It also doesn’t help that the building blocks of personalized learning aren’t fully in place yet. A particular challenge: the lack of high-quality curricular resources needed to customize every lesson and activity to a wide range of grade levels and preferences.
And the adults in personalized-learning schools report being torn between competing priorities.
How do teachers, for example, encourage collaboration when every student is working on a personalized lesson, at his or her own pace?
And there’s an inherent tension between letting each student progress at his or her own pace and making sure every student learns everything in the curriculum and moves toward graduating in four years.
“Principals and teachers really struggle with this,” Steiner said. “I don’t know that anyone has figured out a good solution.”
4. Still, There Are Reasons to Be Encouraged
It would be premature to conclude that personalized learning doesn’t work or should be stifled, Pane said. The theoretical underpinnings of the models currently being tested make sense, he said, and the field needs more time to let the current round of experiments play out.
Hamilton concurred. “We’re seeing thoughtful implementations,” she said, and the current shortcomings in the field can be attributed in large part to a “lack of experience” and a “lack of adequate supports, particularly at the classroom level.”
5. The Worst Fears About Personalized Learning Aren’t Frequently Realized
Inside the schools that RAND is studying, scenes of children wearing headphones and working alone in front of screens are “less common than people might believe,” Steiner said.
More typical is “ever-changing classroom organization where the teacher is sometimes working with large groups and sometimes working with small groups or individuals, and technology plays a role in that.”
The rampant collection of student data feared by some critics also does not appear to be the norm in the schools that RAND is studying.
The researchers were careful to say that they couldn’t speak in detail to the back-end data-collection systems employed by the technologies in use in the classrooms they observed. But “even if systems are recording, say, keystroke information, we haven’t seen anyone using that,” Hamilton said. “It’s not being assembled into a report that goes back to teachers that they can make instructional use of.”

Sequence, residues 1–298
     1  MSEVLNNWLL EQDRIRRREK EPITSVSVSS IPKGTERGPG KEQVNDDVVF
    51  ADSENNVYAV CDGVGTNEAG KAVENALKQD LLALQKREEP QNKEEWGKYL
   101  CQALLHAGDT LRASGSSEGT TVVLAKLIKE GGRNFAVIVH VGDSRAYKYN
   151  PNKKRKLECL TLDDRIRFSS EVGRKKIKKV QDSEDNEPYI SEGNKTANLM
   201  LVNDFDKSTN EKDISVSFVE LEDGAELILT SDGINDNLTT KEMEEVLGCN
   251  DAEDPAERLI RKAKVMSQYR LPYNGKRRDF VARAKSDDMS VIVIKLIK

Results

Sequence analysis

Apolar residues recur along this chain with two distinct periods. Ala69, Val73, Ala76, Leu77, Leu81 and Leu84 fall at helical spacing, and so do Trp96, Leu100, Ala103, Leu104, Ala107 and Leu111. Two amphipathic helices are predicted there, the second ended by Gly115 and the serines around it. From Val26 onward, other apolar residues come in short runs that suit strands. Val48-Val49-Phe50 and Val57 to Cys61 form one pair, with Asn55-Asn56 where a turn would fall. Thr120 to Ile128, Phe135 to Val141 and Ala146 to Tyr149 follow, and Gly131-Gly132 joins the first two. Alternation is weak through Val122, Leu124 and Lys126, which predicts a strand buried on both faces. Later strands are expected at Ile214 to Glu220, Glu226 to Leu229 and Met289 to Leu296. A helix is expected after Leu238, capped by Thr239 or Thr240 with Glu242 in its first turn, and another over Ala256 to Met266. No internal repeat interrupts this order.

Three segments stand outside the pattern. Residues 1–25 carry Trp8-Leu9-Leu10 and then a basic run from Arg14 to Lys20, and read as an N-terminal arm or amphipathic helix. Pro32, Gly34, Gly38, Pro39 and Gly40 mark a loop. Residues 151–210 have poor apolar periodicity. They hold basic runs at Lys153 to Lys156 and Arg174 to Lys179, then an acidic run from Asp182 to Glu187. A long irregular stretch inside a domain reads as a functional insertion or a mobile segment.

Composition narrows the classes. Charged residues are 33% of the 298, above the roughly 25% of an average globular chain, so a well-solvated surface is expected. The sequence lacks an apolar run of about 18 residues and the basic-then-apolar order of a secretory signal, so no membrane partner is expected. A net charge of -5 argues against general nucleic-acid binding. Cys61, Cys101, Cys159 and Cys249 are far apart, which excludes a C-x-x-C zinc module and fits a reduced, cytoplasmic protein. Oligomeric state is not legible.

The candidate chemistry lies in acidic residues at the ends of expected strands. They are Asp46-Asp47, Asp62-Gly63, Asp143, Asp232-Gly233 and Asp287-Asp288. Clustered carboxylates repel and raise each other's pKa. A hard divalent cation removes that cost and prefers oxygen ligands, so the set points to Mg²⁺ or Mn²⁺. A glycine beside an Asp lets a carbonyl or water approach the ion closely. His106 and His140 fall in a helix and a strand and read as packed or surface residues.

6. The Rand Team’s Bottom-Line Advice
Address the “pockets of resistance” to personalized learning now, Pane suggested. Right now, it seems, key stakeholders, especially parents, might feel excluded from the process, which could impede success.
Recognize that the success of personalized learning will hinge largely on teachers, advised Hamilton.
And remember that improving schools is about a lot more than you and your new personalized-learning model, Steiner said, citing other critical factors such as establishing a cohesive schoolwide vision and building an effective team that enjoys working together.
“There’s a lot of focus on the shiny new parts [of personalized learning], like the technology,” Steiner said. “But there are a lot of other things that go into making a good school, and those should not fall by the wayside.”
Coverage of trends in K-12 innovation and efforts to put these new ideas and approaches into practice in schools, districts, and classrooms is supported in part by a grant from the Carnegie Corporation of New York, at
Coverage of learning through integrated designs for school innovation is supported in part by a grant from the Carnegie Corporation of New York at www.carnegie.org. Education Week retains sole editorial control over the content of this coverage.
A version of this article appeared in the November 08, 2017 edition of Education Week as 6 Key Insights: RAND Corp. Researchers Talk Personalized Learning